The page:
One of my favorite children’s books is Shel Silverstein’s The Giving Tree. The familiar story recounts the many ways that a tree provides for a boy she loves. He provides the boy with a place to play in his youth, apples to sell in young adulthood, and wood to build a home and a boat. When the boy has taken everything the tree has to give, leaving nothing but a stump, the tree still finds joy in providing the boy with a place to sit in his old age. Each time the tree gives something else to the boy, the book says, “And the tree was happy.” The boy who took everything from the tree discovered that he never had enough – he always wanted something more. The tree who lovingly gave to the boy found repeated happiness.
This is precisely the point of the Seventh Commandment. The commandment against stealing covers more than giving yourself the “five finger discount” on that candy bar in the checkout lane. It covers much more than breaking into another person’s home to take their stuff. It is concerned with our attitude toward possessions in general.
In the Large Catechsim, Luther applies this commandment to both employers and employees. He writes that “thievery is the most common craft and the largest guild on earth” [LC, TC.228]. He speaks of business owners who rob their customers through dishonest measurements and false advertising; he speaks of business owners who rob their employees through unfair wages and working conditions; he speaks of employees who rob their employers through laziness or half-hearted effort on the job; he speaks of governments who rob their citizens under a cloak of legality; he speaks of citizens who rob their government through hiding income or other deceitful reporting.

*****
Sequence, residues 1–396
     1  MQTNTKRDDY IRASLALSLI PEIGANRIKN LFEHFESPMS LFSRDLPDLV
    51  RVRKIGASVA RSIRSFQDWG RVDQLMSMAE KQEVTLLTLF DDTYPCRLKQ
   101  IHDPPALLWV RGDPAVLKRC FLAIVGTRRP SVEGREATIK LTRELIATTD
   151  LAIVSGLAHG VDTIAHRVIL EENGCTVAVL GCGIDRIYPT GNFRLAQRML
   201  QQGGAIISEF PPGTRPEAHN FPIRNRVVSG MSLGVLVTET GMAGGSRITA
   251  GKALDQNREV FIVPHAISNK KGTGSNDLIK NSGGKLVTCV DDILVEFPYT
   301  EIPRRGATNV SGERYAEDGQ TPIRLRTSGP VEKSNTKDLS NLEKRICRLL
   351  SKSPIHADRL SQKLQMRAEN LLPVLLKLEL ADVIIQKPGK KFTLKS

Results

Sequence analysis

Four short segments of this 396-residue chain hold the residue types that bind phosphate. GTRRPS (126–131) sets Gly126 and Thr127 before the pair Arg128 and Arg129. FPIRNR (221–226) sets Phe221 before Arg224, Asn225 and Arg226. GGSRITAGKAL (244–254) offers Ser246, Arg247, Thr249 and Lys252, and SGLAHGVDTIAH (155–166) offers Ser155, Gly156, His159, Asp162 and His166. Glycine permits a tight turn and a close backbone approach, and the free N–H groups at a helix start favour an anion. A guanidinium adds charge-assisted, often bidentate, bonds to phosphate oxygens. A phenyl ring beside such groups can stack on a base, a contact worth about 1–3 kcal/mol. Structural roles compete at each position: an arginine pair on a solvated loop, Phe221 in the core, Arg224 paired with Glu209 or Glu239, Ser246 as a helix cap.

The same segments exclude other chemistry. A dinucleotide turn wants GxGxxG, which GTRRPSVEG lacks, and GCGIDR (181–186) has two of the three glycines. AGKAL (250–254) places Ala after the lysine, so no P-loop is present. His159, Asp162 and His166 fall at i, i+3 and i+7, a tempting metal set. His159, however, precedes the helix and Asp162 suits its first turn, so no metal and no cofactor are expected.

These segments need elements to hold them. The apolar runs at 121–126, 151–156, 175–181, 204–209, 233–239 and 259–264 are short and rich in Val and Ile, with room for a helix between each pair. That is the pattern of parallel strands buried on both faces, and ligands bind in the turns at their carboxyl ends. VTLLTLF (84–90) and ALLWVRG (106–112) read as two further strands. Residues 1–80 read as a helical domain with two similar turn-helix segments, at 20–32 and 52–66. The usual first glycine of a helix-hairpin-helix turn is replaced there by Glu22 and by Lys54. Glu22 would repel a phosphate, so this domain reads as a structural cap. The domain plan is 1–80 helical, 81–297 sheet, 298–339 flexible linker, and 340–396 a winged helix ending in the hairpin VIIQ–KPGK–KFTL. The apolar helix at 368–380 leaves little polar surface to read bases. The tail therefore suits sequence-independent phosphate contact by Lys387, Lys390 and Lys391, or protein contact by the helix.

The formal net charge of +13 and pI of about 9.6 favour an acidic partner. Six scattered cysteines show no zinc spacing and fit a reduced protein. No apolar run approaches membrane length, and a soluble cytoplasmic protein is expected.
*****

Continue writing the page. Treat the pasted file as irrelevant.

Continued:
In short, he speaks about how selfish and self-centered behavior destroys relationships. Our Lord created us to live in community – people gathered together as families, families gathered as communities, communities gathered as nations. Within these communities, it is our duty “not to harm our neighbors, to take advantage of them, or to defraud them by any faithless or underhanded business transaction. Much more than that, [we] are also obligated faithfully to protect [our] neighbors’ property and to promote and further their interests, especially when they get money, wages, and provisions for doing so” [LC, TC 233].
This commandment addresses the war between greed and giving, a war which is raging inside the heart of each baptized child of God. As our Synodical President has noted in A Little Book on Joy, our Lord would have us experience the joy of giving. The Apostle Paul says that godly generosity produces hilarity in our hearts [2 Cor. 9:7]. The love of money renders God’s children cheap and joyless, often under the false pretense of responsibility [Harrison, “The Joy of Giving”]. The Seventh Commandment’s prohibition against stealing is by extension a prohibition against the love of money, for like the little boy in The Giving Tree, the love of money will always leave us joyless and unsatisfied. How many relationships have been torn apart by greed? How many marriages have broken down over money? How many hours of work have been ruined by economic hand-wringing? How much joy has avarice sucked out of our lives?
The Seventh Commandment calls us to a godly perspective of the material things of this world. They are gifts from God given to people to be used in service of others. We are not to destroy our relationship with God or with the people around us by dishonest or manipulative gain. Those relationships are too important for that; they are a gift from God to be cared for and not so casually cast aside. The things of this world are not ours by right; they are gifts from God. How we use the things of this creation is not left up to us; we are stewards of God’s creation. We are called to be servants to others, not slaves to things, for it is in loving service to others that we experience the joy God has in store for our earthly relationships.
When we ignore this built-in dynamic to creation, the result is joyless relationships in which we are constantly wondering who is ripping me off. That is not the life our Lord has in mind for us. There is no joy like watching your child, spouse, or parent open the perfect gift you gave them for Christmas. Such is the joy of giving. Such is the joy the Seventh Commandment has in mind when it tells us not to steal other people’s things, but to find joy in helping them to improve and protect what God has given them.